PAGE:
Re: What do people do on these OS's?
Hmm, I'd be a little careful with your statements if you "don't want to start a war" and you seem pretty set in your views for someone who who is "genuinely curious".
Still, I'll try to take you at your word :-)
What do I do with my Debian GNU/Linux box?
Good grief, many things including all the ones that you suggest have no "decent software."
Just because you don't recognise the name of a piece of software or it's not a supposed "industry standard" (what a loaded and misleading phrase) does not mean it is not "decent".
I record and edit audio and edit video using some very powerful and easy to use software.
I edit images using some very powerful and easy to use software.
I don't personally use "office suites" but I know people who do use Libre Office, including in businesses on systems I support.
I also do all that usual web browsing, email, IRC, messaging etc. I play just about any video or audio file (I haven't had one that doesn't play for years), I watch Youtube with free software (ie. Gnash and HTML 5 not Adobe Flash), I run servers for websites, I build run and maintain websites ... and more.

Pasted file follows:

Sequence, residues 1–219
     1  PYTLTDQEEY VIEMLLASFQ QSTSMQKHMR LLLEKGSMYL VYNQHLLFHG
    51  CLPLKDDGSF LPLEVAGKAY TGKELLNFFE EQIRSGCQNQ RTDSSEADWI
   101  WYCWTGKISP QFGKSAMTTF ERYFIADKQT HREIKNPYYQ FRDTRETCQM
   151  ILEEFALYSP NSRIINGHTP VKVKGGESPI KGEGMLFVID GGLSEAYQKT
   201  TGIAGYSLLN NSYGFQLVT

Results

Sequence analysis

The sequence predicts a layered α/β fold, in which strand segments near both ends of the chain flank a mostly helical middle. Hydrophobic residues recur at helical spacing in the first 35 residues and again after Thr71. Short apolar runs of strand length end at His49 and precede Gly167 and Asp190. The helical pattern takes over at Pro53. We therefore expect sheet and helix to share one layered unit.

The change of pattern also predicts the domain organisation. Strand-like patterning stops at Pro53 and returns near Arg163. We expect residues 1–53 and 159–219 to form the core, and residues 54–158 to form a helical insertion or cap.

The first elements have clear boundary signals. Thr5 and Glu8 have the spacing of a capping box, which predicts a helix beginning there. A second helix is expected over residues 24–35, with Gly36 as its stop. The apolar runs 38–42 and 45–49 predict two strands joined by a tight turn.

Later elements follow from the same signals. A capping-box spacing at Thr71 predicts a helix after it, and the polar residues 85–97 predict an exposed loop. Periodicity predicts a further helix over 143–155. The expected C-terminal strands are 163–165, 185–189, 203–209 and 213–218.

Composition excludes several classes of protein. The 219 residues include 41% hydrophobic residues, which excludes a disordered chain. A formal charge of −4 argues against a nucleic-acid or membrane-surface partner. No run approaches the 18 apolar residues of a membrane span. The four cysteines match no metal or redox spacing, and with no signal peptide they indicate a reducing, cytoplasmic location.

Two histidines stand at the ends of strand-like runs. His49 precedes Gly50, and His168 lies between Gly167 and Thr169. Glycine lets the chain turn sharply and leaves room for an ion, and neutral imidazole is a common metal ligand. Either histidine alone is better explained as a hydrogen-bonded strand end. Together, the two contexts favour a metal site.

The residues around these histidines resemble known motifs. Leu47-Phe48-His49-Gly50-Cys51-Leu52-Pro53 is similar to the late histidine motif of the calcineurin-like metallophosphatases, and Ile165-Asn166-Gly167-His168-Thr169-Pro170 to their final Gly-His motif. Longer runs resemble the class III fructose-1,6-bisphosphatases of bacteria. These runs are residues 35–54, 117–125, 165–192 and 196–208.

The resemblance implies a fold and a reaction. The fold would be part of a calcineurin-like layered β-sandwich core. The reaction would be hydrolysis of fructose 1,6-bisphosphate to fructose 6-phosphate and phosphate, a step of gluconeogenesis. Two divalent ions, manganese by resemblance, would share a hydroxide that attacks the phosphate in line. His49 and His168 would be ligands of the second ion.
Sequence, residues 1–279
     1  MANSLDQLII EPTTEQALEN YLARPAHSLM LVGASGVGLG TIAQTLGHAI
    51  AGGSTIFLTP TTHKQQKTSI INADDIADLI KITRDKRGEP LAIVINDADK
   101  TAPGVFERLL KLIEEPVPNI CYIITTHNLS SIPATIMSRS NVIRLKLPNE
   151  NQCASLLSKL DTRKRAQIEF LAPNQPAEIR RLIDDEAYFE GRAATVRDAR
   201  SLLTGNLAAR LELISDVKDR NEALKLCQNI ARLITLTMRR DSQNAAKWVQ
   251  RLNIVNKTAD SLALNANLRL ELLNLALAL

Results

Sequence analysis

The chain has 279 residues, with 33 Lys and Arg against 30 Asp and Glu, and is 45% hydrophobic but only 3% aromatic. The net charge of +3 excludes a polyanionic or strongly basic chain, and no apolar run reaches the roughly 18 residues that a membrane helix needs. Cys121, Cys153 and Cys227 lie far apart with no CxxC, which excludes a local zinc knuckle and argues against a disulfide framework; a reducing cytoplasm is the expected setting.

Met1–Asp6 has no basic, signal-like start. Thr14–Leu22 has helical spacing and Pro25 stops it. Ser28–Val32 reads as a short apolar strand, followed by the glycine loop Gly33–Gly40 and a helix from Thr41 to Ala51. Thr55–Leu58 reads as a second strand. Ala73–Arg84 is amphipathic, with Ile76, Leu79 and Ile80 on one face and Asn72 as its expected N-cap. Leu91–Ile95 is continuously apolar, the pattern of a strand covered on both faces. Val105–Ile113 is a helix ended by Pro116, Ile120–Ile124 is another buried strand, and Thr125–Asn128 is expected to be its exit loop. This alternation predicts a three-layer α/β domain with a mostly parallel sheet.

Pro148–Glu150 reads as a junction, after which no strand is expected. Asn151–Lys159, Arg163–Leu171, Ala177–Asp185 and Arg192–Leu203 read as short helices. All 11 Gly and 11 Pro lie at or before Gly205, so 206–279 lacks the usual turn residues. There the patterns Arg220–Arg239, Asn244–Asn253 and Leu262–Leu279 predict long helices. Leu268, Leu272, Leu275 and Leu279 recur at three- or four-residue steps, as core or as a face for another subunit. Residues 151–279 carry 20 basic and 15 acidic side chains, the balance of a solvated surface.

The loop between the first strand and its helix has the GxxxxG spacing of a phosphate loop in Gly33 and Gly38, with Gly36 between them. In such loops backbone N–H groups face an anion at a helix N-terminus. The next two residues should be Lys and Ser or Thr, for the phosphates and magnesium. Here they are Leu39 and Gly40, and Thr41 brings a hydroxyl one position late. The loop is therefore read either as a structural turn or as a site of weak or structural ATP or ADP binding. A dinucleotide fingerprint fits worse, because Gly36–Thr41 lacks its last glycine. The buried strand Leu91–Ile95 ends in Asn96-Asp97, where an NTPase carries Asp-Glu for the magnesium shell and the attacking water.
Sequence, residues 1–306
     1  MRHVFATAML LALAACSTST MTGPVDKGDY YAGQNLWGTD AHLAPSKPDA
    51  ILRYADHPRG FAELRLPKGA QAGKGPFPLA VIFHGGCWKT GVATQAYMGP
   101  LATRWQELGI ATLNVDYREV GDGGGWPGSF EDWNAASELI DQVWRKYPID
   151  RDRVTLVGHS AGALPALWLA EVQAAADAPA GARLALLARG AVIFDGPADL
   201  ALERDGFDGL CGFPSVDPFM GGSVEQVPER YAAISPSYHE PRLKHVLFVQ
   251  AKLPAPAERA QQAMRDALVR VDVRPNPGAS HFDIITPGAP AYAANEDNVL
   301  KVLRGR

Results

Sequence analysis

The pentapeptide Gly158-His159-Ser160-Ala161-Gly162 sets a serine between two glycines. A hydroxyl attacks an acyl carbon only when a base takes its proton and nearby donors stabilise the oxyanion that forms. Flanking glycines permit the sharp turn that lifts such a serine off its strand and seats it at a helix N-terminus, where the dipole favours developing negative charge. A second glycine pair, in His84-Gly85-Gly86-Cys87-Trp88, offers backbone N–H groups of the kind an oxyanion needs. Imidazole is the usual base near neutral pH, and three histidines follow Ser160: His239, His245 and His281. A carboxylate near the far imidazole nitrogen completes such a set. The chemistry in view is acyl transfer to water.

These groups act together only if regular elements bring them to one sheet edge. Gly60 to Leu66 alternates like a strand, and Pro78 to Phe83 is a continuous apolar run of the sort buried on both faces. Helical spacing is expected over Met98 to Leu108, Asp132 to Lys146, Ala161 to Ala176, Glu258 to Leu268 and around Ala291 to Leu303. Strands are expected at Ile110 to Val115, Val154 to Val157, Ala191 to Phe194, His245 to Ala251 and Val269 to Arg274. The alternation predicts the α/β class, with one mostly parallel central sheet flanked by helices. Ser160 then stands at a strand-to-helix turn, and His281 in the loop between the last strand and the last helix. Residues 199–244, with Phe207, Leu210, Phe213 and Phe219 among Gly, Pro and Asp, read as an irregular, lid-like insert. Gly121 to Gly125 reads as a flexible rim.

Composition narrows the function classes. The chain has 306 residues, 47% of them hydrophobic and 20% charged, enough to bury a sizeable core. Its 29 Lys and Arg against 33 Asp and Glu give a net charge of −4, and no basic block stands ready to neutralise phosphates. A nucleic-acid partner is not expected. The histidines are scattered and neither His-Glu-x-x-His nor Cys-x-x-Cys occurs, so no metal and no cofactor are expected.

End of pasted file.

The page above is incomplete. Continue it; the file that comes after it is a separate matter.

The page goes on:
Actually, for what I do on networks, servers, version control, bits of scripting and code to do jobs, a tiling window manager, Emacs ... I could go on and on. When I see a non-modular non-free system like Windows or a another proprietary system like OSX, I really do wonder how I could do it all and am glad that I don't havbe to.
Most of all, GNU/Linux gives you a system that is truly discoverable. You can happily stay on the GUI (and many do), or you can start learning more about the system and setting it up to do what you want it to. There is nothing off limits, no "End User Licences" and secret software and codes. It is a free software (as in free speech) system that can be shared and adapted by everyone.